57) Fake brick exterior siding (There's a bunch of these on the Neutra tract homes near the Burbank Airport).
58 ) Compromising your principles.
59) Misunderstanding/confusing "Ranch House" with "Ranch Style" house thus recreating the Little House on the Prairie
60) A sweet barn style shed. See pic;
61) Lace curtains (maybe this is just a Texas problem?)
62) Placing ANYTHING in or around the house from Hobby Lobby, Kirklands, or credited to either Thomas Kinkade or Mary Englebreit.
63) Smothering the interior with cheesy wallpaper.
64) Removing perfect mahogany paneling so that it can be replaced with drywall (this also includes just covering it with drywall).
65) Saltillo Tiles
66) Adding onto the back, after all, all that glass makes a great room divider!
67) Never throwing anything away.
68 ) Adding exposed conduit, wire mold, or worse, exposed wiring to beams and columns of you post and beam home.
69) Buying a mid-century modern home and then normalizing it to make it look like any other home.
70) Round top windows!
71) Raising up your slab on grade MCM home and adding a basement under it.
72) Replacing your vintage globe lights with too much cheesy low-voltage lighting.

74) Three or four masonry materials where one or two will do.
75) invite 100 scooterist over to your house, with a live punk band, and 5 kegs of PBR (no, I haven't done this... yet)
76) adding an addition not in the style and design of the home
77) allowing termites to gobble it all up
78 ) anything faux
79) hire an architect who doesn't understand Modernism
80) not participating on the Lotta Living bboard
81) Stained glass or beveled glass windows
82) tiling over original magnasite deck... extra points for bad colorful folk art tile
83) Placing a Pink Flamingo in your Garden/Yard
84) Describing MCM houses as "retro"
85) Placing an A/C unit on the top of your roof
86) Refacing an original fireplace, let alone with a thin flagstone laminate
87) Installing arches or rounded corners in a room opening or between rooms
88 ) Turning the master bedroom into a den
89) Replace your garage door with a brick fireplace
90) Inappropriate furnishings?? (see flowery couch with detailed, routed wood)
91) Adding brick driveway columns topped by gold stone lions
92) Building a circular turret on the front of the house (I'll take pics of these last two for you).
93) Adding lattice to the front to "improve the look and privacy"
94) Covering the metal columns with wood to make them look like more like classical columns.
95) Hanging seasonal flags (i.e. santa, the easter bunny) outside your entryway
96) French doors to patio
97) Sawing off the overhanging roof and beams (Most of the P&Ks in my neighborhood have fallen victim to this)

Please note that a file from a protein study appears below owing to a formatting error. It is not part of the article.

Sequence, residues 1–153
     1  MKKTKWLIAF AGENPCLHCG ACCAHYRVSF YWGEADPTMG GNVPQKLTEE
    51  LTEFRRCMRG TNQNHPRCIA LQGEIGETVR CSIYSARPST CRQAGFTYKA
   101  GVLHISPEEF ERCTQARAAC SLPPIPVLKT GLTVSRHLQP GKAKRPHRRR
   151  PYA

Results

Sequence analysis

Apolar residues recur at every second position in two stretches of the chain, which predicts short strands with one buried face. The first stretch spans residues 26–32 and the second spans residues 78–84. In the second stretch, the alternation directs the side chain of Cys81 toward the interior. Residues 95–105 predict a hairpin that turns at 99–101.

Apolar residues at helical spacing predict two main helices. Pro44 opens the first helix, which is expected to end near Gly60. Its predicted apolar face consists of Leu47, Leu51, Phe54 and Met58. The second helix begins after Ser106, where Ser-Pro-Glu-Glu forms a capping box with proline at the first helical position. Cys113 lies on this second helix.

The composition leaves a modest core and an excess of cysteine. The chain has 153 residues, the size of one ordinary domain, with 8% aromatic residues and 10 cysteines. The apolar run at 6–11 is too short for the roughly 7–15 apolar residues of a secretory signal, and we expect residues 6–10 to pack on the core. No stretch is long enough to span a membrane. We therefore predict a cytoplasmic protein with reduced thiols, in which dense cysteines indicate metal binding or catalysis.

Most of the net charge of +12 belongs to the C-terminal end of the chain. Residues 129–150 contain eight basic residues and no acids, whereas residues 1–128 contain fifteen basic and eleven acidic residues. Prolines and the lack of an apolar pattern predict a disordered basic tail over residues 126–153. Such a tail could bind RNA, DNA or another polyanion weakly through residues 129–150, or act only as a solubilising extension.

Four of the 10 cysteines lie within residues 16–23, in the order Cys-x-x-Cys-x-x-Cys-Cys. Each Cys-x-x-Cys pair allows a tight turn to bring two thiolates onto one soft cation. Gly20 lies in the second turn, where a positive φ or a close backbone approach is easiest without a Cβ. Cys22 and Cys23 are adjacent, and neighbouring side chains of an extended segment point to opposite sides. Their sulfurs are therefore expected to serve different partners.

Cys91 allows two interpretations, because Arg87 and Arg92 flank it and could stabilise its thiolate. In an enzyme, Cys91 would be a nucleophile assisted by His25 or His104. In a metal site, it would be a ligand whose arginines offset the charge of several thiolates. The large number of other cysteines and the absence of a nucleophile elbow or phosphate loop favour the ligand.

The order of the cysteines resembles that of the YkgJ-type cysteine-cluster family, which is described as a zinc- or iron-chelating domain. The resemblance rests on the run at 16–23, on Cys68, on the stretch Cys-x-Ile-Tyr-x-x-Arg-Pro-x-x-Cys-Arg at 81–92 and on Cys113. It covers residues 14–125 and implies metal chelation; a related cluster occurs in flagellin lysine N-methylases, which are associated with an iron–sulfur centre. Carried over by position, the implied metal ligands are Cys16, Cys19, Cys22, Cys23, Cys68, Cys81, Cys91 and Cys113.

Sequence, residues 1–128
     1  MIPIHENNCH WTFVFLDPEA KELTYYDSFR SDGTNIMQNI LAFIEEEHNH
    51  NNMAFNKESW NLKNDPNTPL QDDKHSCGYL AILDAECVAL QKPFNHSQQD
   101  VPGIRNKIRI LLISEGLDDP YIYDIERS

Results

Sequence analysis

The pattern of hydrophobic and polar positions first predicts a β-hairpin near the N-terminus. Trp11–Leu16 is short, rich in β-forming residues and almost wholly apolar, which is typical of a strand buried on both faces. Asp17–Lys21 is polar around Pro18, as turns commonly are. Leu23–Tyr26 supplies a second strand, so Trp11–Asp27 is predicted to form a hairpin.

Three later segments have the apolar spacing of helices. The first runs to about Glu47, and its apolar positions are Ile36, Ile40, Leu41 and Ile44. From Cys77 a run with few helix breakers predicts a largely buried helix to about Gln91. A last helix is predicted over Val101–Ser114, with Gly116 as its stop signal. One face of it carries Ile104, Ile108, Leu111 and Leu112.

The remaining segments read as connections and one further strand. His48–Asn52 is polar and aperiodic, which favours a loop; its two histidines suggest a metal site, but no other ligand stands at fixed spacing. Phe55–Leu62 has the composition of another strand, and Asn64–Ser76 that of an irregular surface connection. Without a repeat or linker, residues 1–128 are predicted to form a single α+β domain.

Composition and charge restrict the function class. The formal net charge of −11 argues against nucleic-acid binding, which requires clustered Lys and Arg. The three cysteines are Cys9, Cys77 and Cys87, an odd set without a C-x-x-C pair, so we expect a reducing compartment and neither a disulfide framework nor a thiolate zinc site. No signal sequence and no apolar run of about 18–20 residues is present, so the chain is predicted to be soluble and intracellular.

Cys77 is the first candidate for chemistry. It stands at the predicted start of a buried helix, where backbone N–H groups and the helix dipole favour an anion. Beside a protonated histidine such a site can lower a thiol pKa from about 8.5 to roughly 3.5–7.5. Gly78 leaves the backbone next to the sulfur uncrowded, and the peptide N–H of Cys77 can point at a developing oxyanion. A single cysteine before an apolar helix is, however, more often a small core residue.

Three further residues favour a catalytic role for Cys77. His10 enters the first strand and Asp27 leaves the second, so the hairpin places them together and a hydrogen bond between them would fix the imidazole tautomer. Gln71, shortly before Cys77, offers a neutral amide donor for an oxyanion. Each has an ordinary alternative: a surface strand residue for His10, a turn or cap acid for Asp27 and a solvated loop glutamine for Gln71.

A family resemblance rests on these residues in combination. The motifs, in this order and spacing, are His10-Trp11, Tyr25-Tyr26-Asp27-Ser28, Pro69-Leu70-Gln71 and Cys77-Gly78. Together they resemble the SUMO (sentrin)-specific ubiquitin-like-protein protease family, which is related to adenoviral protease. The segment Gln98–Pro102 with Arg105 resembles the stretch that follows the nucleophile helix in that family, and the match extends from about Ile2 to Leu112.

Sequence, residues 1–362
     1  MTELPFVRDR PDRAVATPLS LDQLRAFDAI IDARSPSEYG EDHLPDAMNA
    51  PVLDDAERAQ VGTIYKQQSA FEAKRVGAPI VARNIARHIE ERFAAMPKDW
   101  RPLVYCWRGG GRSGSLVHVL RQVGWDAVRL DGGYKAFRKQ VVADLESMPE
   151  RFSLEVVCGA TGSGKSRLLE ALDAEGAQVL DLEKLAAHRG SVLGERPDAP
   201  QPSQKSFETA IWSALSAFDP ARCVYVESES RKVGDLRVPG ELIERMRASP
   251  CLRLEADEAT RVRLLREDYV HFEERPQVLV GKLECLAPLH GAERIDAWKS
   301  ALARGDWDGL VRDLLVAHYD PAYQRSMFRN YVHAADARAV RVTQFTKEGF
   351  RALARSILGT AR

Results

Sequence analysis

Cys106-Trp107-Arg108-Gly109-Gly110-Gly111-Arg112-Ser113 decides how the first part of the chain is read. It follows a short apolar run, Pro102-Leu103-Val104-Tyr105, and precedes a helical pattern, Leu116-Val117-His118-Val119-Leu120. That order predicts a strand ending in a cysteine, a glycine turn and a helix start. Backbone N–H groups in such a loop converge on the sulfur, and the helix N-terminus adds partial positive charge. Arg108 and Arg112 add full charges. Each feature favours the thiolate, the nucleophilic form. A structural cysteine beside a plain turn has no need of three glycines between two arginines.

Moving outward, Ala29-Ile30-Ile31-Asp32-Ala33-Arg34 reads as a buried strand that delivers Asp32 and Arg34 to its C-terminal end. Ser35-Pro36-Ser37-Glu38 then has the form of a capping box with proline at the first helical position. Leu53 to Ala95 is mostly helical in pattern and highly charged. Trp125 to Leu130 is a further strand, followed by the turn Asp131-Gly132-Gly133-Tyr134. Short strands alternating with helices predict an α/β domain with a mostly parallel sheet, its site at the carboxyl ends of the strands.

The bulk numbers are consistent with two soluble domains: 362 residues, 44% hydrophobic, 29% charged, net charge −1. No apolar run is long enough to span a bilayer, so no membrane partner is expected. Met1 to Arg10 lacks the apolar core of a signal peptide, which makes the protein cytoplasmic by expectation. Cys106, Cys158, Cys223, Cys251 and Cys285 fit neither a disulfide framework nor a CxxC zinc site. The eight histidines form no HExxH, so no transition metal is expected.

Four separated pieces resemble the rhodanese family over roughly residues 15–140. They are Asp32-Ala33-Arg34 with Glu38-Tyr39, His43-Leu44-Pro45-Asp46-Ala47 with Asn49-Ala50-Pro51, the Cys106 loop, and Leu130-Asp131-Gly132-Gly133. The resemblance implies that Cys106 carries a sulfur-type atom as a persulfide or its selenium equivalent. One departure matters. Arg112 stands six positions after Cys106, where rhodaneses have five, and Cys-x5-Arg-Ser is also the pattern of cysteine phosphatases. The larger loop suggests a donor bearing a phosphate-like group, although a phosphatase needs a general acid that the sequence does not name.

98 ) covering up exposed beams so the house look like other conventional framed homes
99) Adding turned pickets to all railing for that "country French" look!
100) Looking over an untouched, near-pristine P&K home and then declaring , "It has such potential!"
101) Painting over original polished aluminum Nutone range hood and splash shield.
102) Removing original skylark boomerang Formica countertops
103) tearing out original award winning landscaping to plant box woods.
104) planting boxwoods
105) planting bradford pears
106) yard ornamentation
107) turning your front yard into a playground full with play set
108) Inappropriate landscape lighting
109) Hanging towels up in place of curtains
110) non thoughtful placement of new thermostat
111) inappropriate storm doors
112) bad porch lights
113) horrible door knockers
114) fake stained glass inserts
115) painting your concrete porch green
116) satellite dishes
117) less than thoughtful placement of the ac unit
118) White plastic lattice screens!
119) Shutters!...
120) Screwing down additional insulation onto your t&g wood roof deck with screws that are too long and pierce through to the inside.
121) Painting over birch (or any other wood) closets/paneling.
122) let the realtor do it, so you don't have to
123) Installing a classical European wallpaper mural
124) Letting a real estate agent list a house as "a desirable lot" and not even showing pictures of the MCM house.
125) Hiring a realtor who just doesn't get it
126) Turn it into a barn (adding a gambrel roof - editor)
127) putting up an enchanted garden wall mural (in the interior - editor), complete with shutter murals
128) painted landscape rocks and wishing wells
129) Wall to wall carpet over hardwoods... so wrong!
130) those self-stick vinyl tile squares on a beautiful hardwood floor!!